Are unprofitable customers "creditworthy"?

Old Nov 29, 18, 5:13 pm
  #1  
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Are unprofitable customers "creditworthy"?

If I ran a "co" in one of Chase's co-branded cards, I'd tell Chase to issue my card to every credit-worthy customer who applies for it. Or, I'd find a bank who will.
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Old Nov 29, 18, 5:33 pm
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Money-losing customers aren’t credit-worthy, though.
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Old Nov 30, 18, 11:14 am
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Originally Posted by joe_miami View Post
Money-losing customers aren’t credit-worthy, though.
Non-sequitur.
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Old Nov 30, 18, 12:19 pm
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No, it wasn’t. The average churner is profitable neither for the bank nor for the airline/hotel.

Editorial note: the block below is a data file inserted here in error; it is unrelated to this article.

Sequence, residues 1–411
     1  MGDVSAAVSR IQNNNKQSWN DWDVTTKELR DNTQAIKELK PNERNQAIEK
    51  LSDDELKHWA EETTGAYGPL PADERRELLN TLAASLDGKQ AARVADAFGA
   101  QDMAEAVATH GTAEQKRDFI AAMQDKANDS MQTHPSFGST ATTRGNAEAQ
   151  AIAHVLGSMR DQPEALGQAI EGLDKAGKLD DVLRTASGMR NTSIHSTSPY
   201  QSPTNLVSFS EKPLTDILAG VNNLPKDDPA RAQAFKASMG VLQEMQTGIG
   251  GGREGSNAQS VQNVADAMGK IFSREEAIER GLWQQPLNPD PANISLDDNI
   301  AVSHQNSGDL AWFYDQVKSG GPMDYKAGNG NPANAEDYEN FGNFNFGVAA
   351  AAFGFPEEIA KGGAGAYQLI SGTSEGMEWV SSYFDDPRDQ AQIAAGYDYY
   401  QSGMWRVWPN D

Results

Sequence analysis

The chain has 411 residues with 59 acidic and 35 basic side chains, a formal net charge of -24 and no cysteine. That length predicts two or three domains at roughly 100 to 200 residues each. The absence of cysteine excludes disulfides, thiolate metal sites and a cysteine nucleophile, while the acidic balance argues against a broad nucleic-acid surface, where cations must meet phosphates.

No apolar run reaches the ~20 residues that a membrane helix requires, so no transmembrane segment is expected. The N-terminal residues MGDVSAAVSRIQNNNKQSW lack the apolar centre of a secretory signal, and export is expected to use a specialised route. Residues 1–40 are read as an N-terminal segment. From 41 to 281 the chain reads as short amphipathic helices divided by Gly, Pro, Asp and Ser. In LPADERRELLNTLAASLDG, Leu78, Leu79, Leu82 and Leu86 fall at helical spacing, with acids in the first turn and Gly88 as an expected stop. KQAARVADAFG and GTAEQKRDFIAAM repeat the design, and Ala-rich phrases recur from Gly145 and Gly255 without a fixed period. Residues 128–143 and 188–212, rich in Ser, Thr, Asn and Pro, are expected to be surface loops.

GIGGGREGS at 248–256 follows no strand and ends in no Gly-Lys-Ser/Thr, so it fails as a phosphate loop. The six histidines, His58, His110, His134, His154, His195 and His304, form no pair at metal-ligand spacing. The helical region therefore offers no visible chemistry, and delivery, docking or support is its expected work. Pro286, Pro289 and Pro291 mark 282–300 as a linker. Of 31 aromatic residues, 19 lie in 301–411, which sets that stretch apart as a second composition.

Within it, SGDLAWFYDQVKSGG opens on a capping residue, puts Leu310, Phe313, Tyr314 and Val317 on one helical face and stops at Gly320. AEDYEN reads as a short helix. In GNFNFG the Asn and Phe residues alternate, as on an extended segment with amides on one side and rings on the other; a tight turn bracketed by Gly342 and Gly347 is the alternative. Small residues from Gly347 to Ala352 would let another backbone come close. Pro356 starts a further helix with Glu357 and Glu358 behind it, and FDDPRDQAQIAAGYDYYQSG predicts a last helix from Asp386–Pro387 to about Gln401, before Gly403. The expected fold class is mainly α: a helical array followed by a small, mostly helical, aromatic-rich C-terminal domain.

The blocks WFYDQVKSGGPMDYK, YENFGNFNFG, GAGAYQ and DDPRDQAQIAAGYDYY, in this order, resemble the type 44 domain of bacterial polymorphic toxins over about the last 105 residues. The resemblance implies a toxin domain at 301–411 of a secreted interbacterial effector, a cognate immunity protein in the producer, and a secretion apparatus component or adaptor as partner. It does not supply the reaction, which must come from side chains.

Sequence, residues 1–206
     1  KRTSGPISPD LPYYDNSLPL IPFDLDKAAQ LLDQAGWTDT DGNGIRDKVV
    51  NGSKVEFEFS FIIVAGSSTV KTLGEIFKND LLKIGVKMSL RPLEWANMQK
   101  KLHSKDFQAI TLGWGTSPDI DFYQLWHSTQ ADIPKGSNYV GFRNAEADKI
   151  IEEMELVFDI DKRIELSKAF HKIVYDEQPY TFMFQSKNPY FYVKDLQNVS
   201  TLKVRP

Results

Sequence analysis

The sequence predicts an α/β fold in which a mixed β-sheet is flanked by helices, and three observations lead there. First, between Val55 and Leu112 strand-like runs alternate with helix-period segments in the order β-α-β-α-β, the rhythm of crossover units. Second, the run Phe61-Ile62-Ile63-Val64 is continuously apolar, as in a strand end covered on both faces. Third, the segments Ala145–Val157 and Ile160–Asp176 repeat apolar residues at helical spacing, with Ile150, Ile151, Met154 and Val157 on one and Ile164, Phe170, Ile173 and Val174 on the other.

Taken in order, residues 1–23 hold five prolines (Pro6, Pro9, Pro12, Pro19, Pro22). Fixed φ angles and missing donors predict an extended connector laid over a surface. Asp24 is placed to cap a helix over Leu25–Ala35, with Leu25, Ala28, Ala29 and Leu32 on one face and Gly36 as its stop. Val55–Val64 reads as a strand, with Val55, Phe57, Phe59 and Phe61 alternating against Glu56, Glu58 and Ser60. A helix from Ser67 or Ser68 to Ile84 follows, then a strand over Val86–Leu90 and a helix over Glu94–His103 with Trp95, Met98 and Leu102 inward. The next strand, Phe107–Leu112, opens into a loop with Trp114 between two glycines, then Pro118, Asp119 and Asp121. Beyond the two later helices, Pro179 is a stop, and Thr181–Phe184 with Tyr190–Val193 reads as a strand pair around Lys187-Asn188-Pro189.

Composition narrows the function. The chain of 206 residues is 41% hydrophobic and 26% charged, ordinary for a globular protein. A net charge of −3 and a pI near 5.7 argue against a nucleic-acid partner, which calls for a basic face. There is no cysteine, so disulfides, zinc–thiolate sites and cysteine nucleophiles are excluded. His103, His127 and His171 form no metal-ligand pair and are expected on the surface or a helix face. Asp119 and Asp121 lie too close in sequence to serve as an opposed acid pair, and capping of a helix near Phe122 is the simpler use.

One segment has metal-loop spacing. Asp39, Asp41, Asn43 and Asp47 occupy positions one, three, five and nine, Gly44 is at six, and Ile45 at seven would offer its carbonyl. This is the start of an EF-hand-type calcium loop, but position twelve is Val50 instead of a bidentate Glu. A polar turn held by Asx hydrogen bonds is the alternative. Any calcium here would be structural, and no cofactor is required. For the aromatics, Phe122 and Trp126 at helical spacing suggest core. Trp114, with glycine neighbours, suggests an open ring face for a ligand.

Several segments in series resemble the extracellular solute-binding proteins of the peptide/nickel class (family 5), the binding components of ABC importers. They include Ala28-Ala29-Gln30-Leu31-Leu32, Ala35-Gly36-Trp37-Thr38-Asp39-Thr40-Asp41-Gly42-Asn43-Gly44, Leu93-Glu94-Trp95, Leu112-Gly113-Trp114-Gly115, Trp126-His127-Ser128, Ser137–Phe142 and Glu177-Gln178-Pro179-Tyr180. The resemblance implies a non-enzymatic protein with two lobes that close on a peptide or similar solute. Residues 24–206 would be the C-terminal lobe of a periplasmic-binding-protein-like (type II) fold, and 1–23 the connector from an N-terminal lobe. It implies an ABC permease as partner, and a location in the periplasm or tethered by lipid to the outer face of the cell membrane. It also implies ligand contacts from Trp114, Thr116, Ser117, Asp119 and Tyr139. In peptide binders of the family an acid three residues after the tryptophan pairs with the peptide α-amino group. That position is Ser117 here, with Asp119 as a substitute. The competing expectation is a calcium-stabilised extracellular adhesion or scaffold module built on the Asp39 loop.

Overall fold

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Old Nov 30, 18, 1:09 pm
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Originally Posted by joe_miami View Post
No, it wasn’t. The average churner is profitable neither for the bank nor for the airline/hotel.
Because back-and-forths are not allowed, I've said all I'm going to.
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Old Dec 1, 18, 10:49 am
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Originally Posted by joe_miami View Post
The average churner is profitable neither for the bank nor for the airline/hotel.
Being profitable for the bank is a totally different question than being credit worthy. I've gotten eleventy-seven cards from Citibank over the past 10 or so years. A number of those had 100,000 mile sign up bonuses, and I was able to avoid paying any AF at all. I'm clearly not profitable for them, but they still find me credit worthy, and issue me new cards, the one this last week having a $16,500 credit line. In fact I get an email every week encouraging me to up my CL on my Prestige and Premiere cards, which I have sitting at $4k, reduced by me from their original @$16,500 level they gave me. I'm guessing why this works for Citi is that for everyone like me, there are lots of folks who end up carrying interest charging balances, and paying late fees, which more than makes up the difference.